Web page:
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Principal Dancer, Royal Winnipeg Ballet
Evelyn Hart, world-renowned ballerina and principal dancer with the Royal Winnipeg Ballet, had a dream: she wanted "to be a dancer who would put Canada on the map." (Enright, p. 12)
In 1966, at the age of ten, while living in Peterborough, she was inspired by the beauty of Veronica Tennant's dancing, as Juliet, in a televised performance of Romeo and Juliet by the National Ballet of Canada. Evelyn began to dance at home and to admire pictures of ballerinas in books, which her mother borrowed for her from the local library.
Soon afterwards, Evelyn convinced her parents to let her enroll in dance classes at the YWCA and at age thirteen she won a place in the summer session of the National Ballet School.
In 1970, when her family moved to Dorchester, Ontario, she enrolled in formal dance classes, in neighbouring London, at a school of dance operated by Dorothy and Victoria Carter. Hart has said of the Carters, "They are indelibly etched on my soul for life. Without them I wouldn't be where I am. To this day I attribute my whole being in dance to those two women. It is because of the Carters that I am a dancer." (Wyman, p. 42)
Evelyn Hart attended the National Ballet School in the fall of 1971 but was forced to leave after three months because she suffered from anorexia nervosa. In 1973, after she regained her health and confidence, she auditioned for and subsequently accepted a place in the Royal Winnipeg Ballet School, Professional Division where she trained under David Moroni.
She joined the Royal Winnipeg Ballet as a member of the corps de ballet in 1976 and promotions in the Company followed. She became soloist in 1978 and principal dancer in 1979.
With David Peregrine as her partner, Hart entered the World Ballet Concours in Osaka, Japan in 1980 and they won a bronze medal. The same year she was honoured as the first Canadian to be awarded a gold medal at the International Ballet Competition in Varna, Bulgaria. She also received the rarely awarded Certificate of Exceptional Artistic Achievement.
Max Wyman, in his biography of Hart, tells us that "she has struggled throughout her career against a sense of personal inadequacy." (Wyman, p. 123) Despite this inner conflict, Evelyn Hart's accomplishments as a ballerina are well recognized by the public. Wyman explains that "technique...was not what people watched Evelyn for. Her forte was emotional expression and a lyricism rooted deeply in her own romantic-spiritual worldview." He also observes that she has an "ability to make a connection with an audience and hold it spellbound." (Wyman, p. 118)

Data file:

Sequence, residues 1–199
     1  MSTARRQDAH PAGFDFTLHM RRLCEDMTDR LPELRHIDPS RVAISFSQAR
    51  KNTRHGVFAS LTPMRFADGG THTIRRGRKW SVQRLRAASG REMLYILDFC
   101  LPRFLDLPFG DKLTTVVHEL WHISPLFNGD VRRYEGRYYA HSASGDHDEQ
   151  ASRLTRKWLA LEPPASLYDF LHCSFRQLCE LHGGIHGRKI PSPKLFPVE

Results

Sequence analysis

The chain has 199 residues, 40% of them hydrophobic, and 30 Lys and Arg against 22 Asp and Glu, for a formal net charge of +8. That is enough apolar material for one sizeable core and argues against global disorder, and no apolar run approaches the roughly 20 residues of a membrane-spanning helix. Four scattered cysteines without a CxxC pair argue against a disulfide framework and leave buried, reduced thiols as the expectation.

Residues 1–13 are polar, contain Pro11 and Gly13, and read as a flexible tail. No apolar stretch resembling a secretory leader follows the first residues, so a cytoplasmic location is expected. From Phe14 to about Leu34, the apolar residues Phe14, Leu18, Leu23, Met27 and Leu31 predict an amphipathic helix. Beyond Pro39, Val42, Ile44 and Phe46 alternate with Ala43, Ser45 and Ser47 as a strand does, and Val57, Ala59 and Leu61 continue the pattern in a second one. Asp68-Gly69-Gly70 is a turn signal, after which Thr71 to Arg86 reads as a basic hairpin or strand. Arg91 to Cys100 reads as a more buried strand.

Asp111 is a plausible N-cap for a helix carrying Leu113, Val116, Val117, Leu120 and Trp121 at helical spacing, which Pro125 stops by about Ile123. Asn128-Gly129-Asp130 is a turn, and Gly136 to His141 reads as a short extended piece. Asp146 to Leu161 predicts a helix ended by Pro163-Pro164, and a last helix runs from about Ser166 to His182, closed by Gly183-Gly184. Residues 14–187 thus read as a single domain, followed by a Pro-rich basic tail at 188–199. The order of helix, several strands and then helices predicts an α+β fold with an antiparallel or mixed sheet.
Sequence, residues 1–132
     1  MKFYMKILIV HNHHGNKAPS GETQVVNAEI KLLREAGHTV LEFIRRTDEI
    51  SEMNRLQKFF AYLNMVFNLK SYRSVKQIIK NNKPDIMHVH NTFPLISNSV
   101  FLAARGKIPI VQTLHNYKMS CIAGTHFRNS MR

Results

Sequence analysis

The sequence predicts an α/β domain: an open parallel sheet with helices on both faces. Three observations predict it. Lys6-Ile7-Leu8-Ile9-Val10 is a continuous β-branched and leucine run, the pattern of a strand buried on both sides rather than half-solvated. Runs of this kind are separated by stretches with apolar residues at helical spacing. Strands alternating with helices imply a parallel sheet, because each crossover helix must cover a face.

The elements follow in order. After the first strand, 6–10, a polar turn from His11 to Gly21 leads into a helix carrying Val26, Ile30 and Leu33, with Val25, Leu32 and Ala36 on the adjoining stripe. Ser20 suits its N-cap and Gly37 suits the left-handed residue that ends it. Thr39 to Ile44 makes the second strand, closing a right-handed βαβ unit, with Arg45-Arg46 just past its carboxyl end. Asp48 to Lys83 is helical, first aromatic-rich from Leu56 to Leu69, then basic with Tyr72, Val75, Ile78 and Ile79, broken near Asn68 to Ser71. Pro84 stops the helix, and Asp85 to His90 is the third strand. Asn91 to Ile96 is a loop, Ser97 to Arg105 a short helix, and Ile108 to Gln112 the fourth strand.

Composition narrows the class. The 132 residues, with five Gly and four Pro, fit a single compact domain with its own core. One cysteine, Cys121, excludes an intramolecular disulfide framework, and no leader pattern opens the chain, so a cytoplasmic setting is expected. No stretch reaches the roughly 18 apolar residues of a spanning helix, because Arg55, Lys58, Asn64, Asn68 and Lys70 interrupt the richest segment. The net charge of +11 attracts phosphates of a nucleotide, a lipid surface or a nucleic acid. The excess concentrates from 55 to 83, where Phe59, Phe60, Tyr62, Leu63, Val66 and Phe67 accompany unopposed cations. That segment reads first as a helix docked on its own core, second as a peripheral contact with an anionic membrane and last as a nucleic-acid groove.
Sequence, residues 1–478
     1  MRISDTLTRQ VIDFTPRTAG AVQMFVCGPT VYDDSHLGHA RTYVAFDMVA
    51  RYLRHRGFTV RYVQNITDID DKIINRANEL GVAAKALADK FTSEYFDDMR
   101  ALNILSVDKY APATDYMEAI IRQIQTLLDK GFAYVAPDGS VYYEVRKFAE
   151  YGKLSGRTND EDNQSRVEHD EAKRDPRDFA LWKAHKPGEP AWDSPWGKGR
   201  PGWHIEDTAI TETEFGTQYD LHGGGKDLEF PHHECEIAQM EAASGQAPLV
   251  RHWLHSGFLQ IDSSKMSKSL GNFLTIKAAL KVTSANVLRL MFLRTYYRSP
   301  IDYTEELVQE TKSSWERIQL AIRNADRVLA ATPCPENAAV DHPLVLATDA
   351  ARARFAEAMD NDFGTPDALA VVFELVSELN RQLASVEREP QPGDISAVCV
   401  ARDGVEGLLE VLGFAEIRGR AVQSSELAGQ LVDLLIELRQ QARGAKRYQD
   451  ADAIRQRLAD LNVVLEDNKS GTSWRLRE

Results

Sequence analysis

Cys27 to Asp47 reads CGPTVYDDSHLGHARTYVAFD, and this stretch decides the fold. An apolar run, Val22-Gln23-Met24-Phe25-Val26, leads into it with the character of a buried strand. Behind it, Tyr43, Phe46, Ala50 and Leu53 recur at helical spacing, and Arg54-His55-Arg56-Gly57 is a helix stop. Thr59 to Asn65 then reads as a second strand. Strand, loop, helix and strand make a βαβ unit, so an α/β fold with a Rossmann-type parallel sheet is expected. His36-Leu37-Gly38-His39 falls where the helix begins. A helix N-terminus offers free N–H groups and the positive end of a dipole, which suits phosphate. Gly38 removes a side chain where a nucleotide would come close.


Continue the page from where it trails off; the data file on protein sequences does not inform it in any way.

Hart's performances in classic ballets have won her wide acclaim. Her interpretations of Giselle in Giselle, Odette/Odile in Swan Lake, Juliet in Romeo and Juliet and Tatiana in Onegin have been especially appreciated. Audiences have also responded enthusiastically to her work in contemporary classics such as Sir Frederick Ashton's Thaïs pas de deux, Jiri Kylian's Nuages and Norbert Vesak's Belong pas de deux.
In addition to touring with the Royal Winnipeg Ballet around the world, she has also performed, as a guest, with other well-known companies such as the National Ballet of Canada, Bayerische Staatsballett and the Sadler's Wells Royal Ballet. A 50-minute film about Hart, entitled Moment of Light: The Dance of Evelyn Hart was produced in 1992 by Blue Morpho Films with the National Film Board of Canada.
Evelyn Hart became an Officer of the Order of Canada in 1983 and was promoted to Companion in 1994. In 1987, she was named Manitoba's Woman of the Year. McMaster University and the University of Manitoba presented her with honorary doctorates in 1989. She has received two ACTRA Awards for her performances on television of Belong and as Juliet in Romeo and Juliet. She was inducted into Canada's Walk of Fame in 2000. In 2001, Hart received a Governor General's Performing Arts Award to recognize her lifetime achievement in the performing arts.
Max Wyman concludes his biography of Evelyn Hart with the following words: "Despite the odds against her, the fears within her, and the external obstacles she has faced, she has accomplished what she set out to do — to dance superbly, to bring a rare emotional expressiveness to Canadian ballet, and to dance on the world's major stages." (Wyman, p. 180-181)
Enright, Robert. — "Moving intimacies : a conversation with Evelyn Hart". — Border crossings. — Vol. 11, no. 1 (January 1992). — P. 9-17
Wyman, Max. — Evelyn Hart, an intimate portrait. — Toronto : McClelland and Stewart, 1991. — 189 p.